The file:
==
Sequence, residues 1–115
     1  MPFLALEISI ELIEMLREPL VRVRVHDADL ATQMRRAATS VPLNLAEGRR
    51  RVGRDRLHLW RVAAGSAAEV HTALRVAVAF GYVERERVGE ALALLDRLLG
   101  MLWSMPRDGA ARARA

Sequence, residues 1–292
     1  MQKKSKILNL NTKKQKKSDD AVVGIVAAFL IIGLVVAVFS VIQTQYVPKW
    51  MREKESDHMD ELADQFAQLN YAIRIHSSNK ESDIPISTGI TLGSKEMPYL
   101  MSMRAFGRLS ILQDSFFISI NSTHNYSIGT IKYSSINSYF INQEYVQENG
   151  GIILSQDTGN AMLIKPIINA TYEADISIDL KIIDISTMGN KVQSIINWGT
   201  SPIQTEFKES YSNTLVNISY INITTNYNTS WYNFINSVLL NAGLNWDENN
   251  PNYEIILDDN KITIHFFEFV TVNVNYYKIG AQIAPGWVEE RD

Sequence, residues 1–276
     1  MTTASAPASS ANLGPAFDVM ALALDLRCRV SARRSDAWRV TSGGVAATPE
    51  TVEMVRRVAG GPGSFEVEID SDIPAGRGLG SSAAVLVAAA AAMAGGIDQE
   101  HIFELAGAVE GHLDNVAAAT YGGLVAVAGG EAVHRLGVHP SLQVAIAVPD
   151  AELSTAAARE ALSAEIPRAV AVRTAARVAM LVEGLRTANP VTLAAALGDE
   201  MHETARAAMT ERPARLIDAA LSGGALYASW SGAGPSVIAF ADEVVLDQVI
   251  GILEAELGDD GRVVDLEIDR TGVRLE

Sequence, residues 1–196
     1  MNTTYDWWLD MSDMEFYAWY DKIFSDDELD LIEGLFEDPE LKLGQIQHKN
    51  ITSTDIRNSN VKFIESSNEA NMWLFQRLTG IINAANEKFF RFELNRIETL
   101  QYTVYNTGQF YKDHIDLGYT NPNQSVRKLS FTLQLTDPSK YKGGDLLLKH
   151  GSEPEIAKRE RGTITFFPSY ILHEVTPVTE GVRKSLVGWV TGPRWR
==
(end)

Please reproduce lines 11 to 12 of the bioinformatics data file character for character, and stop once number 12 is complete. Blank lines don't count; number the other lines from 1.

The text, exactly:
   251  PNYEIILDDN KITIHFFEFV TVNVNYYKIG AQIAPGWVEE RD

Sequence, residues 1–276